VBS is over for another year. The first-graders visited a Hawaiian volcano tonight. I don't know why we were there. Our commandment was "You shall not covet." Of course they were pretty clueless about what coveting was, other than that it was a bad thing. The teachers in the volcano area performed a skit about Ahab, Nabob (or whoever he was), and the prophet Elijah. Apparently Ahab was coveting N's vineyard. As background information, the teacher introduced some of the vocabulary, like vineyard and prophet. She asked the kids what a prophet was. One said she thought a prophet was a winemaker. A second one said she thought a prophet was a chair--now where in the world did that come from? Don't you sometimes wish you could be inside a little kid's head for a while and see where they get their ideas?
The teacher also read the kids a story about a cat who lived in a church. Towards the end of the book, the cat was getting old and sick, and the vet suggested they have it euthanized. (I think she said "help it die") A youth who was working in the department asked me where cats went when they died. I told him some folks believed that their pets would be in Heaven with them. He then asked me, what if you have a really evil pet? I jokingly said, I guess it would go to pet Hell. Then I told him that I thought cats and other pets just decomposed and enriched the soil. Then he wanted to know what made them alive in the first place? I pretty much didn't want to go there, because I could see the possibility of a question like, why are people different from other animals? and I didn't feel like discussing that with a 13 year old. Anyway--at the end of the story (which had been going on while the two of us were talking) he said, I'm going to tell those little kids what really happens to pets when they die. I told him that probably wouldn't be a good plan, so he didn't do it.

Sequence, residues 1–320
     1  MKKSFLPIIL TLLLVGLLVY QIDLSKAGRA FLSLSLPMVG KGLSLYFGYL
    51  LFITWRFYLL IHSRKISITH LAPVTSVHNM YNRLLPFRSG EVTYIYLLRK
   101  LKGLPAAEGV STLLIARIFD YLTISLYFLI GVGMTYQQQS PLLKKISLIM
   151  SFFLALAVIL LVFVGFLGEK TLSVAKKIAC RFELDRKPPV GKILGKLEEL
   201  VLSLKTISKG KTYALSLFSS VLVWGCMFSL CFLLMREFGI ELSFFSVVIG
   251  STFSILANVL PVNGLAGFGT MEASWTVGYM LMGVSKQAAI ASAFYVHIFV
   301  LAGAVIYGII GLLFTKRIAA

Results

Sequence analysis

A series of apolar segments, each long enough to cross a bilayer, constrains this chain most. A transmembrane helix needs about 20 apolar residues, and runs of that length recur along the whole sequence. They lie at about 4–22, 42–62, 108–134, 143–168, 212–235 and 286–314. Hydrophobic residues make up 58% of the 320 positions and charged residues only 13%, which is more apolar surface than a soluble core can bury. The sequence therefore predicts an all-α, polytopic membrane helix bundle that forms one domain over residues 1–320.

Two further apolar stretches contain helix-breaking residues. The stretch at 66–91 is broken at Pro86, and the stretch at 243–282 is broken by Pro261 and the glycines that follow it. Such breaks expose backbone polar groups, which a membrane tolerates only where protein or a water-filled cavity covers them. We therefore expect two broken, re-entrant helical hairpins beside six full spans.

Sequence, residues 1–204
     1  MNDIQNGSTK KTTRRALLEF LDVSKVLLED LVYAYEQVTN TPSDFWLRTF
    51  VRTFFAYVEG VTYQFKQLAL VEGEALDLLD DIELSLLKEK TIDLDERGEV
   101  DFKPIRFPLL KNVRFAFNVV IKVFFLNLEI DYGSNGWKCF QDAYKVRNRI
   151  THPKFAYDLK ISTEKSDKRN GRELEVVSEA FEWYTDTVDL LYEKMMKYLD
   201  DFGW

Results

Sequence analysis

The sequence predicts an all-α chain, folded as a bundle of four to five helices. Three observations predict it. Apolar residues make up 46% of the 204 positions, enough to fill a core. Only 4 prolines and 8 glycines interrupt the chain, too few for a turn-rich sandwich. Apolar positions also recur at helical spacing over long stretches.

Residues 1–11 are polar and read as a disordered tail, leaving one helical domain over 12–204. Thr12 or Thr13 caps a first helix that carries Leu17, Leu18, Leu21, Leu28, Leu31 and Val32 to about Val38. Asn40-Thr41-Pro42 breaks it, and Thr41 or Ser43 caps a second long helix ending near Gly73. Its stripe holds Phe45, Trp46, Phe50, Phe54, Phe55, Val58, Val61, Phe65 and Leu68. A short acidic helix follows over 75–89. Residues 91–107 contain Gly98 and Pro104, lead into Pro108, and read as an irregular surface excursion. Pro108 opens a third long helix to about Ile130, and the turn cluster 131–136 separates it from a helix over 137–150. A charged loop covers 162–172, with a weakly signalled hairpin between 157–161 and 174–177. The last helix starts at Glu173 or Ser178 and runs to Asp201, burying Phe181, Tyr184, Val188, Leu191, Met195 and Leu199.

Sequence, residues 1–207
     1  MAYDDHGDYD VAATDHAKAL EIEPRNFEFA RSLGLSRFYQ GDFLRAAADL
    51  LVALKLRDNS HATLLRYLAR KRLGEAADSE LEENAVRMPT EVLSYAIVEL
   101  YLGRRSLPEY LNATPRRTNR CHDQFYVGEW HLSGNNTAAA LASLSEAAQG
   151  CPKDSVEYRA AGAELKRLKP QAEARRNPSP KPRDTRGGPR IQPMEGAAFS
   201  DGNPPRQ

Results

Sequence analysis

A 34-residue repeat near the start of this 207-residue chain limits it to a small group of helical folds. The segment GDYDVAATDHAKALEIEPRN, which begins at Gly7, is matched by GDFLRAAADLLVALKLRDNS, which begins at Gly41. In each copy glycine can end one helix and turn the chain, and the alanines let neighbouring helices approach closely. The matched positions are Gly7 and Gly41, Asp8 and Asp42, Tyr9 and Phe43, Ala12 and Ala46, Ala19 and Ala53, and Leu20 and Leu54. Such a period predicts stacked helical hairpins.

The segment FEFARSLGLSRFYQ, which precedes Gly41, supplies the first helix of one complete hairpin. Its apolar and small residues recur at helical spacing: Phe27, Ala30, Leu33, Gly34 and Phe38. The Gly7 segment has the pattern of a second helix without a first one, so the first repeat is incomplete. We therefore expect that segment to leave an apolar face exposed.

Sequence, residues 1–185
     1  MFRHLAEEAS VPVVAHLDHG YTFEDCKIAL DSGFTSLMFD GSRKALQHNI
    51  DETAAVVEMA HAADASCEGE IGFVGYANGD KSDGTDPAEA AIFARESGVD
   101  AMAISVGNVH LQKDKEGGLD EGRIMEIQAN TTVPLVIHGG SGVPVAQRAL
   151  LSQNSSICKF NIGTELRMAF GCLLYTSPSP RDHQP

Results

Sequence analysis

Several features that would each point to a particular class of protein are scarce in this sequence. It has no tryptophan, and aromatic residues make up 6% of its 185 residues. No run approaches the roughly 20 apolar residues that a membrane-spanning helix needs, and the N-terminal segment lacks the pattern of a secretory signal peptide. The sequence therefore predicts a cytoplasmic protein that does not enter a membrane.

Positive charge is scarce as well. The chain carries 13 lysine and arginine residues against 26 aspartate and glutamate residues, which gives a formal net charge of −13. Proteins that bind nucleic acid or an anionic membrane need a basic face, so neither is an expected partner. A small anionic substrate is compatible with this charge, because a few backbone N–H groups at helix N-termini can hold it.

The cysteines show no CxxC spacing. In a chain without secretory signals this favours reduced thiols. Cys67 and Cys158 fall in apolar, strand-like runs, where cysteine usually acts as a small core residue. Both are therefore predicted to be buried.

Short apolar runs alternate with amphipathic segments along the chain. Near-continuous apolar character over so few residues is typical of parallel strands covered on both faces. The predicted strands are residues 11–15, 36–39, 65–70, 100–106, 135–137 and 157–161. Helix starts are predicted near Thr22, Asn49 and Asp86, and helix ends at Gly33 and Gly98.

At the end of the VBS commencement tonight, Brother Mac presented the same message he has been giving to the kids for the last four nights. They had an altar call, and I guess there were close to 15 kids who expressed an interest in learning more about how to be saved. That was rewarding, I know, for Mac. Three of family interest--Darlene's granddaughter, Peyton, and Rob's two oldest children, Benjamin and Sam. That Sam is one deep thinker. I wish I had a chance to work with their group.
Boy, I love working with kids--but in small doses! And I am really enjoying working with what I used to call the regular ed kids. It's fun to talk to some smart little folks once in a while. Now that VBS is over, I'll have to go a little more into the reinventing process. I don't guess I can make the rest-of-my-life's work (as Suze mentioned in her blog the other day) something as mundane as embellishing flip flops or knitting little hats. Not that I don't enjoy doing either, there just doesn't appear to be much of a call for it! Love you all, and God bless!